Psalm 119:41-48

Submitted by admin on Tue, 2008-02-26 13:21.

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Each verse starts with the Hebrew letter waw.

In view of his dire straits, the psalmist prayed that he might be the recipient of YHWH’s abiding love, compassionate care, or “mercy” (LXX). On the basis of God’s word or promise, he asked to be granted deliverance from his distress.

Upon experiencing deliverance, the psalmist would have had a reply for those who taunted him. Their ridicule would have been to the effect that his serving God had no value, and the deliverance would have exposed their taunts as baseless. The psalmist had trusted in God’s word or promise, and the hope based thereon would have been vindicated.

During his distressing circumstances, the psalmist trusted in God’s word or promise, and this sustained him. Consequently, he pleaded that YHWH would not take the “word of truth” completely from his mouth. The psalmist wanted this dependable word to remain with him, enabling him to continue to express hope in the certainty of its fulfillment. He hoped in God’s judgments or continually waited for the Most High to execute justice.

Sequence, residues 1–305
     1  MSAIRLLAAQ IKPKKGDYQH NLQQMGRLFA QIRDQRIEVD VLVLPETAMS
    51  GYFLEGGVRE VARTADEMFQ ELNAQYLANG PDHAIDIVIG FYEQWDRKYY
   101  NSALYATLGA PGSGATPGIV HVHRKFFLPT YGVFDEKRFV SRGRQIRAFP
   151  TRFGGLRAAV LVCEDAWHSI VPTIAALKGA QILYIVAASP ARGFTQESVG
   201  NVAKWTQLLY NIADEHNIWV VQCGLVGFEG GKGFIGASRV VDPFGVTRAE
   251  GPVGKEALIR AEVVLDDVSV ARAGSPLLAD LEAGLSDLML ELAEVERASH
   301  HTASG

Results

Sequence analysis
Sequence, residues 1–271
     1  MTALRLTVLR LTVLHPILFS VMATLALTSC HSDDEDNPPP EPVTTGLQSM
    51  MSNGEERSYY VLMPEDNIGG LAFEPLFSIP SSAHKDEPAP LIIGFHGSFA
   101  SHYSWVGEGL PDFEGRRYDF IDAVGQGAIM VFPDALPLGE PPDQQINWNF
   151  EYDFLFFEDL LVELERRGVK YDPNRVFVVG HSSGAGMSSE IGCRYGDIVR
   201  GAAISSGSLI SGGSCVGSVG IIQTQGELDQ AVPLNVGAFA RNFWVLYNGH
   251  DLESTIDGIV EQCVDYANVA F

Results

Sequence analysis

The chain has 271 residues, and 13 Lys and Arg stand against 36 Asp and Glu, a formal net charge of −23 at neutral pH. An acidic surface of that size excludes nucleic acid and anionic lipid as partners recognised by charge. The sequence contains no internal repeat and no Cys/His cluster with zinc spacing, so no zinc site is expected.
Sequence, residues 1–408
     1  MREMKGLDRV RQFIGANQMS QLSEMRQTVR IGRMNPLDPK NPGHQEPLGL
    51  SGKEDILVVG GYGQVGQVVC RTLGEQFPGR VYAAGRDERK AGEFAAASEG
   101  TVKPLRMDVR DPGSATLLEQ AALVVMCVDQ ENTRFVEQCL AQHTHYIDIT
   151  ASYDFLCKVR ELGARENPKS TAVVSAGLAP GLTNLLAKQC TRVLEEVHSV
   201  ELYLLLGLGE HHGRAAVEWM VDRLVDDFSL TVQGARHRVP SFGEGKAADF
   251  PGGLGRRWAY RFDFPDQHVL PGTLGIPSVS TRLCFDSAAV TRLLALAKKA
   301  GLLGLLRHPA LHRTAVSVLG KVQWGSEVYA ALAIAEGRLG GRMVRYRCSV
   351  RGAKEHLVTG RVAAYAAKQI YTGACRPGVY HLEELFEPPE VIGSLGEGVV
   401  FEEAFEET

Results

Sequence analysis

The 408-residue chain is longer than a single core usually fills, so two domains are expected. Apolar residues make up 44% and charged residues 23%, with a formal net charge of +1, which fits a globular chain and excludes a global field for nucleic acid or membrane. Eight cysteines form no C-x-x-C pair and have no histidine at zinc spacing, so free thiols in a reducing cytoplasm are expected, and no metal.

The psalmist determined to observe God’s law always, forever and ever. When “walking” or conducting himself according to God’s commands, he felt free and safe. His situation was comparable to walking in a spacious area and not on a hazardous, narrow trail in mountainous terrain. He considered God’s precepts or commands to be highly beneficial, as evident from his having made them the object of his seeking. He very much wanted these commands for his guidance.

The psalmist did not hold back from speaking about YHWH’s “testimonies” or solemn charges before kings. If they were unfavorably inclined and did not value divine direction, he would not be ashamed to express himself. Their high station did not intimidate him, restraining him from speaking openly about God’s solemn charges.

He found delight in God’s commandments. It brought him pleasure to obey them. According to the Septuagint, he “meditated” on the commandments, suggesting that he thought about what they required of him. The psalmist loved the commandments. He appreciated their inestimable value in providing him with trustworthy guidance.

His lifting his hands to God’s commandments could refer to his reaching out for them to make them his possession. Another possibility is that, in prayer, the psalmist would raise his arms with outstretched palms and thank YHWH for having provided the commandments, which he loved. The psalmist determined to make God’s statutes the object of his meditation or careful reflection.